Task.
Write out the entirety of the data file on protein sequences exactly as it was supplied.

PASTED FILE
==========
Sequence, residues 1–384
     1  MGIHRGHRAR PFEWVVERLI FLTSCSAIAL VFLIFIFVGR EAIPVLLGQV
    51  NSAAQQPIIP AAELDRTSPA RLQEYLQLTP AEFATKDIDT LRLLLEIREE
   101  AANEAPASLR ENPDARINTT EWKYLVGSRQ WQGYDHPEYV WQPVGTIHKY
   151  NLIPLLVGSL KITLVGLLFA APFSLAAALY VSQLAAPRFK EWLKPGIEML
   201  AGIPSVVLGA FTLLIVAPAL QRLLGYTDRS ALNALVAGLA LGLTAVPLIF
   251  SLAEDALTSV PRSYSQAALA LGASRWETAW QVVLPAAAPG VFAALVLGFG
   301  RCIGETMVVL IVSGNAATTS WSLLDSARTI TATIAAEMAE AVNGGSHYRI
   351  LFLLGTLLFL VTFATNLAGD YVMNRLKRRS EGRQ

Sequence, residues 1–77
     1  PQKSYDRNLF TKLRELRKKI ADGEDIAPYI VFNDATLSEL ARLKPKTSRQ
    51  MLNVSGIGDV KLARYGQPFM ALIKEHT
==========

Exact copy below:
Sequence, residues 1–384
     1  MGIHRGHRAR PFEWVVERLI FLTSCSAIAL VFLIFIFVGR EAIPVLLGQV
    51  NSAAQQPIIP AAELDRTSPA RLQEYLQLTP AEFATKDIDT LRLLLEIREE
   101  AANEAPASLR ENPDARINTT EWKYLVGSRQ WQGYDHPEYV WQPVGTIHKY
   151  NLIPLLVGSL KITLVGLLFA APFSLAAALY VSQLAAPRFK EWLKPGIEML
   201  AGIPSVVLGA FTLLIVAPAL QRLLGYTDRS ALNALVAGLA LGLTAVPLIF
   251  SLAEDALTSV PRSYSQAALA LGASRWETAW QVVLPAAAPG VFAALVLGFG
   301  RCIGETMVVL IVSGNAATTS WSLLDSARTI TATIAAEMAE AVNGGSHYRI
   351  LFLLGTLLFL VTFATNLAGD YVMNRLKRRS EGRQ

Sequence, residues 1–77
     1  PQKSYDRNLF TKLRELRKKI ADGEDIAPYI VFNDATLSEL ARLKPKTSRQ
    51  MLNVSGIGDV KLARYGQPFM ALIKEHT